More fun with shovel on the roof today, and, yes, the arctic has reannounced itself (13 below this morning). I pitched my pounds of snow out into the air, and they fell with the thud of stone. But up there, on its slight southwestern pitch, I also got a face full of light, and in the little coves of my scarf, I could feel that light’s heat gathering. I leaned on my shovel, closed my eyes, and felt Spring coming on.
It is common announcement, but it feels like miracle as well, this tiny promise. And, as often happens when I’m outside, Henry Thoreau’s nosings about came to mind. In particular, I thought about his musings on the way seeds move with the wind and over the snow during the winter. Below me, the snow was littered with twigs and seeds from a recent gale, other tiny promises that, when linked with sun and water, would become the next season of growth.
In mid-February of 1856, Thoreau was, as usual, out walking and seeing what he could see:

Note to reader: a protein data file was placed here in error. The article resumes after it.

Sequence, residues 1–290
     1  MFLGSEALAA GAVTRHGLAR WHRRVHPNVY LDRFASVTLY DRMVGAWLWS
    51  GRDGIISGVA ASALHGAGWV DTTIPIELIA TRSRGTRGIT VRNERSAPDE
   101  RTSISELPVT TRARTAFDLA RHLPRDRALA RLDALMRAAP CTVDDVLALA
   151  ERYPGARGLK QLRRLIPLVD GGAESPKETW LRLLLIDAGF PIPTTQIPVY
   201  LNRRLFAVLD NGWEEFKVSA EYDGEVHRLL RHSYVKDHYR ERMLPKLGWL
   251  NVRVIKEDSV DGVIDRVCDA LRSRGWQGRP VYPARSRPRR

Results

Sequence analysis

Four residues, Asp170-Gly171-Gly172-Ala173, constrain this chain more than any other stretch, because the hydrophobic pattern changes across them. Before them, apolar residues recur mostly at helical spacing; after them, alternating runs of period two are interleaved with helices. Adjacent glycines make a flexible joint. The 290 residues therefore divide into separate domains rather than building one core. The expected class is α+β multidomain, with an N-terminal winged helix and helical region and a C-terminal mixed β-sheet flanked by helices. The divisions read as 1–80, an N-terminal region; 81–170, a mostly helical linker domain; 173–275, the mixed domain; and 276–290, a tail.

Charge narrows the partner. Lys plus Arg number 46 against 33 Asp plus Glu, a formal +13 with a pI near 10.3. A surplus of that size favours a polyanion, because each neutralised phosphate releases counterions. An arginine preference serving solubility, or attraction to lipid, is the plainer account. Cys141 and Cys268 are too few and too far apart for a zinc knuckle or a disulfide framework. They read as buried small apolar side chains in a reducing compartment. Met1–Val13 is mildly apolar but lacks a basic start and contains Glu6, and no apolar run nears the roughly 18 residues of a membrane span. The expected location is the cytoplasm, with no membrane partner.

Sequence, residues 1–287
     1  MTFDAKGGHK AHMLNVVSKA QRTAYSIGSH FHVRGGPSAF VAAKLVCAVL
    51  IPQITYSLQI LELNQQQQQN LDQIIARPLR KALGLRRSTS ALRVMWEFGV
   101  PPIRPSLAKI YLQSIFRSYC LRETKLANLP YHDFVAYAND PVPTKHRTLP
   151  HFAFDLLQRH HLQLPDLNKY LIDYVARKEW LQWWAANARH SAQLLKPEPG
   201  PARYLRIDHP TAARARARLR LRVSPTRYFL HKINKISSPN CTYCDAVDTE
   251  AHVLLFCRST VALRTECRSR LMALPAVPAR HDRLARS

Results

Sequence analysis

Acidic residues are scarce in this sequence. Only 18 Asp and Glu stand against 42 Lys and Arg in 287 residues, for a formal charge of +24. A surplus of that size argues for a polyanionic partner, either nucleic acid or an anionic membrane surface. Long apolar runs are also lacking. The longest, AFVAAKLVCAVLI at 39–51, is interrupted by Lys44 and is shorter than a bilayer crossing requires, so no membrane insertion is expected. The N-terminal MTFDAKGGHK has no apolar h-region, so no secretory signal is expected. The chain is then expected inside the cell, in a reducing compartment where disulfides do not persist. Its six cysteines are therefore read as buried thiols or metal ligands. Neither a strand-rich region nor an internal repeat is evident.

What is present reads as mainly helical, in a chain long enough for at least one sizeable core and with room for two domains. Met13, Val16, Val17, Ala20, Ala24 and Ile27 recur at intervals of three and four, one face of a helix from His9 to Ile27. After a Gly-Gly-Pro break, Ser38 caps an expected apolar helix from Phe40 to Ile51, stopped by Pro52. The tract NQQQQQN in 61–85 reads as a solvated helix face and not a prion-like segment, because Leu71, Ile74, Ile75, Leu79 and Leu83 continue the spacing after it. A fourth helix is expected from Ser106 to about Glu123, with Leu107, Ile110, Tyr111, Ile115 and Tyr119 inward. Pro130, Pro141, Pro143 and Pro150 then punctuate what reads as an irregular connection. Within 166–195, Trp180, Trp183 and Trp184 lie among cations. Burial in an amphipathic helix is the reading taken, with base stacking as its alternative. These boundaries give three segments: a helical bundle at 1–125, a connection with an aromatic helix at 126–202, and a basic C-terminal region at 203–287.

I was struck today by the size and continuousness of the natural willow hedge on the east side of the railroad causeway, at the foot of the embankment, next to the fence. Some twelve years ago, when that causeway was built through the meadows, there were no willows there or near there, but now just at the foot of the sandbank, where it meets the meadow, and on the line of the fence, quite a dense willow hedge has planted itself. I used to think that the seeds were brought with the sand from the Deep Cut in the woods, but there is no golden willow there; but now I think that the seeds have been blown hither from a distance and lodged against the foot of the bank, just as the snow drift accumulates there…
…Thus they take advantage of even the railroad, which elsewhere disturbs and invades their domains. May I ever be in as good spirits as a willow! How tenacious of life! How withy! How soon it gets over its hurts! Journal 2/14/56
Blown this way and that by a winter of renown, I felt as if I had come to rest at the base of this bank of light; I felt its warmth. It seeds me for spring.
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